Biography: Ron Buckmire is the Lead Program Director of the Scholarships for Science, Technology, Engineering and Mathematics (S-STEM) program housed in the Division of Undergraduate Education (DUE) at the National Science Foundation (NSF). Before coming to NSF in May 2016 as a permanent program director responsible for mathematics education, he had served as a rotator (temporary NSF Program Director) in DUE from 2011-2013. He has been a faculty member at Occidental College in Los Angeles since 1994, serving as chair of the Mathematics department (2005-2010, 2015-2016) and achieving the rank of Full Professor in 2014 after beginning his academic career as a Minority Postdoctoral Scholar-in-Residence. Ron holds Mathematics degrees (Ph.D., M.Sc. and B.Sc.) from Rensselaer Polytechnic Institute. He was the Principal Investigator on an S-STEM project: DUE-1457943, Creating Opportunities in Science and Mathematics for Occidental Students (COSMOS). He has published peer-reviewed articles in an eclectic collection of journals such as Numerical Methods for Partial Differential Equations, IMA Journal of Management Mathematics, Works and Days and the Albany Law Review. His primary areas of research interest include mathematical modeling, applied mathematics, numerical analysis (specifically nonstandard finite-difference approximations of ordinary and partial differential equations), mathematics education and the scholarship of teaching and learning. He is an avid tennis fan, often active on social media (on Twitter @madprofessah and on Instagram @ronbuckmire) and has regularly updated the blog The Mad Professah Lectures since 2005.


Invited speaker: Rosa C. Orellana, Dartmouth College
Teaching Via Guided Discovery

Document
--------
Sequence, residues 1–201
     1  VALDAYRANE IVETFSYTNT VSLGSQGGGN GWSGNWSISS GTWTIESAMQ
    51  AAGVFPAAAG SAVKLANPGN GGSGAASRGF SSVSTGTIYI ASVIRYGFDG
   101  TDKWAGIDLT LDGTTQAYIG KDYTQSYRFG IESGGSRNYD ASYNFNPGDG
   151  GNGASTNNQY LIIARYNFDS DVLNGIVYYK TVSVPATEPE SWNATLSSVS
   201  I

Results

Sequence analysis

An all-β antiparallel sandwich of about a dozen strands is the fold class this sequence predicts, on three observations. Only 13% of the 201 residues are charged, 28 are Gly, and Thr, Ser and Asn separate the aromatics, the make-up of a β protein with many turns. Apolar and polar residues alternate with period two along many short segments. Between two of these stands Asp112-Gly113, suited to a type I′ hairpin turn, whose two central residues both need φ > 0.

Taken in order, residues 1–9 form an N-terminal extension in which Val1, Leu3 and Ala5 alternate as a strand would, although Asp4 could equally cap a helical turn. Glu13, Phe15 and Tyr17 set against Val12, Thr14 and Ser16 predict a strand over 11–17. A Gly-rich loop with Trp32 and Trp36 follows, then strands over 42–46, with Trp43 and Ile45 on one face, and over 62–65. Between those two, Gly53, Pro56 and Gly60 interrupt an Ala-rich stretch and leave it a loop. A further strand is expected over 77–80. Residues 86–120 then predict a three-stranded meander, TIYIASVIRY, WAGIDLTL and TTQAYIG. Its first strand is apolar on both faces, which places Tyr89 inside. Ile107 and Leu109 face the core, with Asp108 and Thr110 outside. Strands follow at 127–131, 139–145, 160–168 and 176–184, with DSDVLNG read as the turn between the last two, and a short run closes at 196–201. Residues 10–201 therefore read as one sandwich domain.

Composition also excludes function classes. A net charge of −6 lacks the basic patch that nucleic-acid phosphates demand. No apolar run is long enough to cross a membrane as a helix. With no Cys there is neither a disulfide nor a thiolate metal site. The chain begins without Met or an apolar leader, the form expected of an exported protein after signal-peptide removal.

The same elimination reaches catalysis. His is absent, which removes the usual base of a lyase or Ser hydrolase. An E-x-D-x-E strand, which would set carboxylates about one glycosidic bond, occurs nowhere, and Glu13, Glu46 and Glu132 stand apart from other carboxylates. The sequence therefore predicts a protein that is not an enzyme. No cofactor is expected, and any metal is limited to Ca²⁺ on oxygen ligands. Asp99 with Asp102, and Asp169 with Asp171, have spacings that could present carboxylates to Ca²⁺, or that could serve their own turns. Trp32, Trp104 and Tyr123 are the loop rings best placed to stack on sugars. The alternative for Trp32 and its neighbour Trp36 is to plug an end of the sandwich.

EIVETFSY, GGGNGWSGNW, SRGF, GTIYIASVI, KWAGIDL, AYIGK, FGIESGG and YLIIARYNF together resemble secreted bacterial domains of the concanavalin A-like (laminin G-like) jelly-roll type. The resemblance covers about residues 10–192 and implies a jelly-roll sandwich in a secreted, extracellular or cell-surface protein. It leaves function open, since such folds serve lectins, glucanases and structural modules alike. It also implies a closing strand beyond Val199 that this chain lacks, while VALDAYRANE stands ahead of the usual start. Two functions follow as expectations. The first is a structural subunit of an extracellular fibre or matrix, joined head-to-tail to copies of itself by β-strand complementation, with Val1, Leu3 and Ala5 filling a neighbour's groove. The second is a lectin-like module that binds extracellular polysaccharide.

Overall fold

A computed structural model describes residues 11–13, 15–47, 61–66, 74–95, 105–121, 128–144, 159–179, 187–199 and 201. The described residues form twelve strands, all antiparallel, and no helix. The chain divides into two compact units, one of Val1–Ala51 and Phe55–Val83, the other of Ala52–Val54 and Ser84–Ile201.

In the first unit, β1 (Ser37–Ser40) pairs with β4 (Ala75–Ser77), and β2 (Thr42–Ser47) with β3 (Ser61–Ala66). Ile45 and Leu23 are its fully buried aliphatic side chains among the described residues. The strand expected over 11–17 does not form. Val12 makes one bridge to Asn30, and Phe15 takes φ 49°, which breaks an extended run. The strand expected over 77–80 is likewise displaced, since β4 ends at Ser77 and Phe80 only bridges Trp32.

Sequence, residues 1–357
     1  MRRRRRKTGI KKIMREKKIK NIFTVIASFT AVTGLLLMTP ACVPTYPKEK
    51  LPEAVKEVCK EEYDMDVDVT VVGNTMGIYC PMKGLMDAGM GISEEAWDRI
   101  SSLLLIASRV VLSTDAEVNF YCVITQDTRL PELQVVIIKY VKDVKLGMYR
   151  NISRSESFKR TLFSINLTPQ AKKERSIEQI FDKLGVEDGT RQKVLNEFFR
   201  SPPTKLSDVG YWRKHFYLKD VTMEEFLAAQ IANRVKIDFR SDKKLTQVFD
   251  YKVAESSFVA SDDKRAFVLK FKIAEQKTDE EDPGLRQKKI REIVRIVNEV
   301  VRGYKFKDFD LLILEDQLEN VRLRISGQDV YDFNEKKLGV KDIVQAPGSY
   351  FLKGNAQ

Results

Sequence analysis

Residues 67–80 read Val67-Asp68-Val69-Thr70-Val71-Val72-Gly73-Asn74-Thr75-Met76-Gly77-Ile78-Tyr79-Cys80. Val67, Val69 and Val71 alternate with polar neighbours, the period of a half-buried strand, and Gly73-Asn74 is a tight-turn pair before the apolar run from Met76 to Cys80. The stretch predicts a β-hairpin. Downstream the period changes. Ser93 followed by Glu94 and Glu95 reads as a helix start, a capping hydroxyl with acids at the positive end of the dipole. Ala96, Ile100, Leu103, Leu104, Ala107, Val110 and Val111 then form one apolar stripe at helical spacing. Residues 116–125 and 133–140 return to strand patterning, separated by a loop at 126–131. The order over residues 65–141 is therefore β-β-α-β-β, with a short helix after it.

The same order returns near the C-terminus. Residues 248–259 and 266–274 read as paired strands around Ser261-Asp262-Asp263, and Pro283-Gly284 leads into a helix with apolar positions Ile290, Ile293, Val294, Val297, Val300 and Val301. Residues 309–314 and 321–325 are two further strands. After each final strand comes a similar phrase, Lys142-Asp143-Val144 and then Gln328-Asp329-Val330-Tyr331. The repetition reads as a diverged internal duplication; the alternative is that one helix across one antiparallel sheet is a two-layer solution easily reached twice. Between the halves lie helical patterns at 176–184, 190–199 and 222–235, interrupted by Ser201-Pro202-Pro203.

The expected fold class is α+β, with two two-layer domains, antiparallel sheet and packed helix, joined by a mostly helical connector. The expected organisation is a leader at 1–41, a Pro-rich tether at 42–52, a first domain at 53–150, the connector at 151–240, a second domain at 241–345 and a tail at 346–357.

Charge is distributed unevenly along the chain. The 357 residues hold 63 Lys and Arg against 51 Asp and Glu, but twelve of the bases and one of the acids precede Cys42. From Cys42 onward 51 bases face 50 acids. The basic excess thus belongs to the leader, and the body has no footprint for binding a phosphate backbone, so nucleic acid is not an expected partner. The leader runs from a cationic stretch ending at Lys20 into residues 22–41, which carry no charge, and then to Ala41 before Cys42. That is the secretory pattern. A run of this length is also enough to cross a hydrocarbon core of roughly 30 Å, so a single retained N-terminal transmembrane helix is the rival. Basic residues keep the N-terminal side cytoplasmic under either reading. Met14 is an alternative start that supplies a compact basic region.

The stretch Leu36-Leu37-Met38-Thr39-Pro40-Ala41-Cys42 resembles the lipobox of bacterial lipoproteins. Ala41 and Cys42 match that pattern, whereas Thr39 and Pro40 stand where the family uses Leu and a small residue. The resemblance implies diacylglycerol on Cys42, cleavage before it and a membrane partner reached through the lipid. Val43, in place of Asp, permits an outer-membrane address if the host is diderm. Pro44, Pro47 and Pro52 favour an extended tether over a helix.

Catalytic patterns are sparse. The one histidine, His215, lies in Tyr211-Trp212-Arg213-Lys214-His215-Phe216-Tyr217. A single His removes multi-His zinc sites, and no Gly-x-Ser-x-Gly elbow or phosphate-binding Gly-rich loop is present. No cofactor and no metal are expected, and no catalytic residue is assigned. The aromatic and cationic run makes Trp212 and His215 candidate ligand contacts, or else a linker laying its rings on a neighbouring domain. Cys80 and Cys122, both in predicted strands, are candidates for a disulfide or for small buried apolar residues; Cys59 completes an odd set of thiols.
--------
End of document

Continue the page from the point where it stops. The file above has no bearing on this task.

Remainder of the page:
Abstract: The philosophy behind guided discovery is that students can discover ideas and methods by themselves. The book for the course consists of carefully designed problems to lead the students to discover and prove the main ideas. There is considerable evidence that this leads to deeper learning and more understanding.

Invited speaker: Ron Buckmire, National Science Foundation
Formative Summative Assessments: Some of My Favorite Exam Questions

Abstract: Assessment is a key component of all teaching and learning. These are often categorized into two parts: formative and summative. Formative assessments are evaluation instruments used before the end of the learning period to provide students and teachers with feedback to assist in the learning process. Summative assessments are evluation instruments that are used at the end of a learning period to provide information about the level of learning that occurred compared to some benchmark or standard. In this talk I will present some examples of some summative assessments from undergraduate mathematics (primarily calculus) that I believe had a formative effect (i.e. profound and long-lasting) on both students and myself.